Katherine Bouglai:

Yeah.

Jonathan Hyatt:

But when it comes to things that you’re going to prep for, you’re selling yourself. So how are you going to sell yourself as this product that they’re going to want to bring onto their company? So the more that you can know what came from the things you’ve done, the more that you can speak to your experiences and your successes, the goals and achievements you’ve had. Whether those be career-wise or those in life, your ability to speak to those in an honest, truthful, and passionate way are always going to be the most beneficial.

So the more that you’re able to “sell yourself.” I know that’s obviously the whole concept of an interview, but literally your self and how you have lived your life, how you work, how you look at the world and the work you do is going to be the number one thing to “prep for” because you need to be able to talk about yourself and you need to be able to speak to what you know and what you don’t know, and be able to confidently talk about the things that you don’t know, but in a positive way.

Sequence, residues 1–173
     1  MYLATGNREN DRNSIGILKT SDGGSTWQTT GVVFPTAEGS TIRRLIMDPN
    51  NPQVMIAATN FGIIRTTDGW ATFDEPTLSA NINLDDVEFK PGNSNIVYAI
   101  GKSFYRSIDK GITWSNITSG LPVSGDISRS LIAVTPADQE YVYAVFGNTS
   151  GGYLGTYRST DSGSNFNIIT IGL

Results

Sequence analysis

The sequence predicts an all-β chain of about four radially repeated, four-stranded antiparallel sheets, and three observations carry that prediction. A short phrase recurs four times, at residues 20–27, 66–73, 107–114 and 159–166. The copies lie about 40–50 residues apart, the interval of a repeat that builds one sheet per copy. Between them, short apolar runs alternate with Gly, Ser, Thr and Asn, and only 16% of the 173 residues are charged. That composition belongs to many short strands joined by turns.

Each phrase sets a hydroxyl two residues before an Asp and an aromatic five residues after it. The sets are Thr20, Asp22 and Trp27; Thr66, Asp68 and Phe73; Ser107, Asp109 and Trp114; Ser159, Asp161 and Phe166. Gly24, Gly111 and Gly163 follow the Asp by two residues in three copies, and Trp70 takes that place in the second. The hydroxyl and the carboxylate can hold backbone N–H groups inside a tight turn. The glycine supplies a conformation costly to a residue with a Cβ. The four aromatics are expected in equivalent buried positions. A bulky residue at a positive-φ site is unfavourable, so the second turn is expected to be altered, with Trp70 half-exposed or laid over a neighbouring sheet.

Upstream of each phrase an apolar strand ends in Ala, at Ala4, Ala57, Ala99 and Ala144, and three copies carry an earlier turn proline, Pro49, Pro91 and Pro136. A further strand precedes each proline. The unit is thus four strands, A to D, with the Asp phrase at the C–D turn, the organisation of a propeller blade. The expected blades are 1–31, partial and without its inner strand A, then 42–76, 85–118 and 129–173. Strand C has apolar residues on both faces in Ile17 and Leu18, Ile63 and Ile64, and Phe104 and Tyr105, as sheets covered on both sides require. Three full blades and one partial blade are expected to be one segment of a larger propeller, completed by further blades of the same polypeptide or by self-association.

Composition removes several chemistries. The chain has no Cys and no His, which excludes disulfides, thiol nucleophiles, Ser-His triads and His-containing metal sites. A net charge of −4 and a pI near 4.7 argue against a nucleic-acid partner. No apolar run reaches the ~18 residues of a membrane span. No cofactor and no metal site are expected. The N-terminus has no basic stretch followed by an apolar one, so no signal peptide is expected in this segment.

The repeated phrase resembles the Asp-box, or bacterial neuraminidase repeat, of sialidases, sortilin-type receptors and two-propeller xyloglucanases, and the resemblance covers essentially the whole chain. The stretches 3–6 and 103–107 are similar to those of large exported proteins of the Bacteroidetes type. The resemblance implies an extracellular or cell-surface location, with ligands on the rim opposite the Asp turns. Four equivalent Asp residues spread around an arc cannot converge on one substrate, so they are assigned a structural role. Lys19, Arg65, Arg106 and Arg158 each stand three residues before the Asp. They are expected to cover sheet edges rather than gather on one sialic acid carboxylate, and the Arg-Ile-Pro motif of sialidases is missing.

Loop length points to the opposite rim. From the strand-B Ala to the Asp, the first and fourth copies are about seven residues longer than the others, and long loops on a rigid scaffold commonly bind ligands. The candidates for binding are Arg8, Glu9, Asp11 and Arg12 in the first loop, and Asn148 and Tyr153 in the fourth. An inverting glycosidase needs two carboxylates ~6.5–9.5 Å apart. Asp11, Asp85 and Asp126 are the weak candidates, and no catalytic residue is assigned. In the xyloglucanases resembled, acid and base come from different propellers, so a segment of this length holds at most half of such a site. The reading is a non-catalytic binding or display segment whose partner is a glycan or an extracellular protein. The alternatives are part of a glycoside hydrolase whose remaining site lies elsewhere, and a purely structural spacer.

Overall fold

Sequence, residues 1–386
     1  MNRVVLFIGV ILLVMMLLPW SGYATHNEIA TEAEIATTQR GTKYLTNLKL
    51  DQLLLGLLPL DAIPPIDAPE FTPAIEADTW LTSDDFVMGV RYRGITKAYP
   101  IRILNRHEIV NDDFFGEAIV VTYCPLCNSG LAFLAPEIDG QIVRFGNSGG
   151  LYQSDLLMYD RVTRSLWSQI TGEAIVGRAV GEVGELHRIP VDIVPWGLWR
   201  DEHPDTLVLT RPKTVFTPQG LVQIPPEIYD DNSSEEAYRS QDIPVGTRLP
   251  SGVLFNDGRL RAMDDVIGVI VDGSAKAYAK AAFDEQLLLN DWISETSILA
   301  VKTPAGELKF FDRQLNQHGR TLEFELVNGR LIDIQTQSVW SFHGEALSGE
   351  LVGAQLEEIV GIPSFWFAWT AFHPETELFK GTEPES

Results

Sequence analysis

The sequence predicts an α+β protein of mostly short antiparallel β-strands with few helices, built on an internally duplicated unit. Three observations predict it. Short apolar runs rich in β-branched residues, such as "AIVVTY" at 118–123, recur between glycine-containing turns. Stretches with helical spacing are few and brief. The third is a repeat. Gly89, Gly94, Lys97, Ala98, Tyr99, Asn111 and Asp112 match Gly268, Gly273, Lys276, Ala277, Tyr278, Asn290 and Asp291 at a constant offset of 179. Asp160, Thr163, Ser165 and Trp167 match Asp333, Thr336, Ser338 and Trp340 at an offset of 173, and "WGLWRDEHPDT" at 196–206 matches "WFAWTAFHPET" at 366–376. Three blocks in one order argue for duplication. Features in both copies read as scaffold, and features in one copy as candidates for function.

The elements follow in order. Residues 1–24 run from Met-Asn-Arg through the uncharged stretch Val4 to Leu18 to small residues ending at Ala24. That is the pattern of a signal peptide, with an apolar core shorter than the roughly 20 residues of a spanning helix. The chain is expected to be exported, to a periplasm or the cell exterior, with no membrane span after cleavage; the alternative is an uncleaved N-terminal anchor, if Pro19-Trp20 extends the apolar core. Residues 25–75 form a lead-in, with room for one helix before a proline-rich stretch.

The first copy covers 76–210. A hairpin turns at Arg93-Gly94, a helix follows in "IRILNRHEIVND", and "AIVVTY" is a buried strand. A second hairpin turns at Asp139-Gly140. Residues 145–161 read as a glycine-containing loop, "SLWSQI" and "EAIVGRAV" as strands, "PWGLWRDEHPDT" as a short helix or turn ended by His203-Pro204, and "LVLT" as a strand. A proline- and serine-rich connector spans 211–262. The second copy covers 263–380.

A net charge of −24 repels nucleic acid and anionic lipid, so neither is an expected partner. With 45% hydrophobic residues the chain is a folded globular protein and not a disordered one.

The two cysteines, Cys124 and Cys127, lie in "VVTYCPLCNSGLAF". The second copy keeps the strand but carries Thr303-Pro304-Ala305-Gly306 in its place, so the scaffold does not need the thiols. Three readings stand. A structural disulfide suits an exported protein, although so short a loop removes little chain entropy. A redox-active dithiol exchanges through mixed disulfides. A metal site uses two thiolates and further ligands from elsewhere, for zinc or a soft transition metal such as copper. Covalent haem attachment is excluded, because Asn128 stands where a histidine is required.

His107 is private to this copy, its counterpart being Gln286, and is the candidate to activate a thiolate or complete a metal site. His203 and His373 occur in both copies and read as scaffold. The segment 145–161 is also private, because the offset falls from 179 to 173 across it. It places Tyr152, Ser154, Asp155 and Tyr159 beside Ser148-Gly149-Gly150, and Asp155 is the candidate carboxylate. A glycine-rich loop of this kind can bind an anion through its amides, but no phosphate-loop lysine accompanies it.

Katherine Bouglai:

Yeah.

Jonathan Hyatt:

One of the worst things that we see is people who don’t do anything wrong. The interviewer who says they can do everything, knowing that you are not a perfect individual, that you’re not this Grecian god who can do everything perfectly. You’re human and you know what your abilities are and how far you can go with them. And being able to say, “I’ve been working on this,” or, “This is an area I’ve been working on,” in advance of them necessarily asking you that question can be sometimes huge in them know knowing that you’re an individual who is self-aware, who’s capable of self-analysis and self-constructive thoughts. You’re able to see what you can and can’t do. That can be hugely beneficial.

Katherine Bouglai:

Absolutely. What I’ve heard you say is basically know your value.

Jonathan Hyatt:

Yeah.

Katherine Bouglai:

When you know your value, you have the confidence to present yourself without trying too hard.

Jonathan Hyatt:

Right.

Katherine Bouglai:

That’s another thing that people do, the biggest mistake and they don’t do it on purpose. It just naturally comes across when you’re nervous is, they try to be everything you want them to be.

Jonathan Hyatt:

Correct.

Katherine Bouglai:

And I’m going to make the analogy with dating. Interviewing is like dating a lot.